Although LiveGraphics3D was designed to display three-dimensional graphics, you can use it to display two-dimensional images as well. In principle, all you have to do is specify your two-dimensional graphics as a special case of three-dimensional graphics by setting all z-coordinates to 0. However, there are some additional issues that require special attention.

As an example, we will create a two-dimensional analog of the example in the introduction. The following code will show the tangent line at a point on the graph of ` `

. We'll use an independent variable as one of the point's coordinates so that you can move it along the graph.

(* Function Definition *)
f[x_] = x(x^2 - 1);
(* A pair of thick black lines for the axes *)
axes = {Thickness[0.015], Line[{{-2, 0, 0}, {2, 0, 0}}],
Line[{{0, -2, 0}, {0, 2, 0}}]};
(* Graph f(x) with blue line segments. Coordinates *)
(* on the graph have the form {x, f[x], 0} *)
curve = {RGBColor[0, 0, 1], Thickness[0.01],
Line[ Table[{x, f[x], 0}, {x, -1.5, 1.5, 0.1}] ]};
(* Large red point at {a, f[a], 0} *)
point = {RGBColor[1, 0, 0], PointSize[0.03], Point[{a, f[a], 0}]};
(* The linearization of f(x) at x=a is given by *)
(* La(x) = f(a) + f'(a)(x-a); plot this on the *)
(* interval [-2,2] with a thin gray line. *)
La[x_]=(a^3-a) + (3a^2-1)(x-a);
tanline = {RGBColor[.5, .5, .5], Thickness[0.005],
Line[{ {-2, La[-2], 0}, {2, La[2], 0} }]};
example = Graphics3D[{curve, axes, point, tanline}];
WriteLive["tangentLine3D.lg3d", example];

In the HTML code, we restrict the independent variable **a** to stay on the graph.

**Resulting Applet**:

Needless to say, this first attempt is not very effective. You can drag the point and watch the tangent line move, but the overall effect is not two-dimensional. We have to address several points.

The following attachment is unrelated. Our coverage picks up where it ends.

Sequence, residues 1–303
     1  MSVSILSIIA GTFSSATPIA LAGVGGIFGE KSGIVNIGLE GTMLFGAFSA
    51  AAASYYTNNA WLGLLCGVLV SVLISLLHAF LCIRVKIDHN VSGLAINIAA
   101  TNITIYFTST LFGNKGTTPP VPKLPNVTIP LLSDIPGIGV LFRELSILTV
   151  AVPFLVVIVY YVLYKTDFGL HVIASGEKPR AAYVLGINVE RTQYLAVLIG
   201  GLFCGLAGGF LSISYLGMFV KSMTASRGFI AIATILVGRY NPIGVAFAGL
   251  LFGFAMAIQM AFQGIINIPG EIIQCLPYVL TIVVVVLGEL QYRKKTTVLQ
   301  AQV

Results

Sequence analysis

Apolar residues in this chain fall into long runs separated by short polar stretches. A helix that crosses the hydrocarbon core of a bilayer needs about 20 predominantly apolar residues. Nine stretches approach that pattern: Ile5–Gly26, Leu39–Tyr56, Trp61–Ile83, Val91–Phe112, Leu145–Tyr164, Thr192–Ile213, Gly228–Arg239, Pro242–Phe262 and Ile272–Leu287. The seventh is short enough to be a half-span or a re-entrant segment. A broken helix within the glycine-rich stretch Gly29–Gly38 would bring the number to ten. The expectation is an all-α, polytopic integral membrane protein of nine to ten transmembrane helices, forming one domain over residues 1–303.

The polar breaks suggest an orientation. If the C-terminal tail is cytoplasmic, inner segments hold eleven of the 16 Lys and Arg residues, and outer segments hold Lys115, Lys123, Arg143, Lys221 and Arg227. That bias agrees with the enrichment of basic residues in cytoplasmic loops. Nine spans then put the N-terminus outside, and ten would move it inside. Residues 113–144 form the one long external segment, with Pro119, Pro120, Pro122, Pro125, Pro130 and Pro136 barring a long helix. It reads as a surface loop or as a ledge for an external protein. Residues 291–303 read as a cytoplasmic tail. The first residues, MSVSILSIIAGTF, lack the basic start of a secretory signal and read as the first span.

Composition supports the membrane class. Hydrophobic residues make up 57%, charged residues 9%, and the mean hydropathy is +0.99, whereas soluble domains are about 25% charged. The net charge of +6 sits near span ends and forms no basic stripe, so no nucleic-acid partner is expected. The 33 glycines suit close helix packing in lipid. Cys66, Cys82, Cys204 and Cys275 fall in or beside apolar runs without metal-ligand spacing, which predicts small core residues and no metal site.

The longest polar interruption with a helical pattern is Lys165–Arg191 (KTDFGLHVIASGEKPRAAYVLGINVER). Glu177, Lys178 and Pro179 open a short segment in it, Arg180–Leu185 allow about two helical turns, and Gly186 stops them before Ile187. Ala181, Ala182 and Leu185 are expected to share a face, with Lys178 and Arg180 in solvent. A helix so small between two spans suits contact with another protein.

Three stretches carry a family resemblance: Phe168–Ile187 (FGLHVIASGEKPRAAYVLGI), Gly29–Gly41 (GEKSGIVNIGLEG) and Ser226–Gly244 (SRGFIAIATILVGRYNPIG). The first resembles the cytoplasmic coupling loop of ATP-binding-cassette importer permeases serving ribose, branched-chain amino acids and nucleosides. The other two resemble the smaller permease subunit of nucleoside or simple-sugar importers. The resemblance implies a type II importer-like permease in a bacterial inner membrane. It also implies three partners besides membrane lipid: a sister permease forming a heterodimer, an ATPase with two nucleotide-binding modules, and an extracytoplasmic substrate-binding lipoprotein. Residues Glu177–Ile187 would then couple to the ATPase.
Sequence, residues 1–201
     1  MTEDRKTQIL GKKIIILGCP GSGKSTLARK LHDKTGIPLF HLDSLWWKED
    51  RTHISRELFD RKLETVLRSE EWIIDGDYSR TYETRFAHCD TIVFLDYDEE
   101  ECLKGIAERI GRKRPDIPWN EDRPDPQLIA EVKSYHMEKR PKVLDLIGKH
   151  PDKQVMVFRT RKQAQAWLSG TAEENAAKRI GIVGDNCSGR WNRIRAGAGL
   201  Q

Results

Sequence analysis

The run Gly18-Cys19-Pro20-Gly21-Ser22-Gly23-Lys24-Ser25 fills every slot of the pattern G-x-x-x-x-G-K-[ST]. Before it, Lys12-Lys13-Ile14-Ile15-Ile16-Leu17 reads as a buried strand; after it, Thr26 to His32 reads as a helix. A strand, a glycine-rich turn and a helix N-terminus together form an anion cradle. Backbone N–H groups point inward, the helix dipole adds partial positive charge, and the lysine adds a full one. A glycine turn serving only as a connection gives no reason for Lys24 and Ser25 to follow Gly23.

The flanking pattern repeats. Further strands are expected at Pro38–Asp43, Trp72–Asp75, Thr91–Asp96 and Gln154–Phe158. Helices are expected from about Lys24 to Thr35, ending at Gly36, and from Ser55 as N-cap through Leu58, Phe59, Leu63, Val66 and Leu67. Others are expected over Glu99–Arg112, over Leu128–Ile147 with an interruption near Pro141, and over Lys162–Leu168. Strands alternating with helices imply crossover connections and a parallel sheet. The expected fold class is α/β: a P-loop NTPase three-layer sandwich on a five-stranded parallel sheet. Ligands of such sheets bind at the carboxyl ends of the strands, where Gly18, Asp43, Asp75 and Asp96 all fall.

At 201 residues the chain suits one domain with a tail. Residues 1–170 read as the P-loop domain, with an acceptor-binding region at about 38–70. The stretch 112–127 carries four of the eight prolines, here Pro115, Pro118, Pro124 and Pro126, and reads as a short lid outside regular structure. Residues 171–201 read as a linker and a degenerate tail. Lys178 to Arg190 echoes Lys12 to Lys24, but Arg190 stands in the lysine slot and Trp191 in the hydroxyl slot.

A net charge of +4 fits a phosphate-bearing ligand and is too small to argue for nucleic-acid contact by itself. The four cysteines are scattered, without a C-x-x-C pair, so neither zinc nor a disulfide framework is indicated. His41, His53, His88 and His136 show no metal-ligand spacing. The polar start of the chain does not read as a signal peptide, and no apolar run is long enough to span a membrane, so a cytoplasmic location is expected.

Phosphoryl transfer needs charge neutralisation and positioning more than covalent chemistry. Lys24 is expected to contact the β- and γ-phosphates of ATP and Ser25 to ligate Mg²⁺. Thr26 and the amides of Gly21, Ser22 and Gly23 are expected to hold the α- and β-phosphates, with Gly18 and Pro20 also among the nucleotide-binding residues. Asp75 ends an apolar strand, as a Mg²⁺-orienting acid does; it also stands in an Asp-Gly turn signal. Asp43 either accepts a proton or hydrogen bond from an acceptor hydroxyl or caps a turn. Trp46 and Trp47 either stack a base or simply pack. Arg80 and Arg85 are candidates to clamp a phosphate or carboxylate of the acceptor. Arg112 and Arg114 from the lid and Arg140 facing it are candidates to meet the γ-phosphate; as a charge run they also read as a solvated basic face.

First and foremost, because our two-dimensional graphics are in the xy-plane, the best point of view is on the z-axis. This is specified with the option ` `

. The length of this vector determines the distance of a virtual camera to the center of the bounding box specified by ` `

. Specifying a large vector minimizes the effects of the perspective projection, resulting in a nearly orthogonal projection. (For a typical perspective projection the length should be between 3 and 4.) In order to ensure that the y-axis is pointing upwards we also specify ` `

; the length of this vector is unimportant. With these settings, the x-axis has to point to the right since LiveGraphics3D uses a right-handed coordinate system (and we have specified a point of view on the positive z-axis).

Second, in a two-dimensional example we have no need for the three-dimensional bounding box. We can remove it with the option ` `

.

Finally, the above applet lets you rotate the picture. For two-dimensional graphics, however, general three-dimensional rotations are pointless. We can disable them by setting the applet parameter ` `

to ` `

.

The next version of the mathlet includes all of these enhancements. We've also adjusted the ` `

and tweaked the ` `

level so that the image fills all of the available space.

With these enhancements, our example takes this form:

(* Preceding commands are unchanged *)
example = Graphics3D[
{curve, axes, point, tanline},
ViewPoint -> {0, 0, 1000},
ViewVertical -> {0, 1, 0},
PlotRange -> {{-1.5, 1.5}, {-1.5, 1.5}, {-1, 1}},
Boxed -> False];
WriteLive["tangentLine.lg3d", example];

**Resulting Applet**:

This second version is much better than our initial attempt, but there are still more issues involved in using LiveGraphics3D for two-dimensional mathlets. In this particular case, for example, it doesn't much matter if the red point is drawn above or below the blue curve; in more complicated mathlets with many objects, it can be crucial to make sure one object isn't covered up by another. If you need to worry about issues like these, read the "Advanced Features" section of this article, including the page on Advanced Two-Dimensional Mathlets.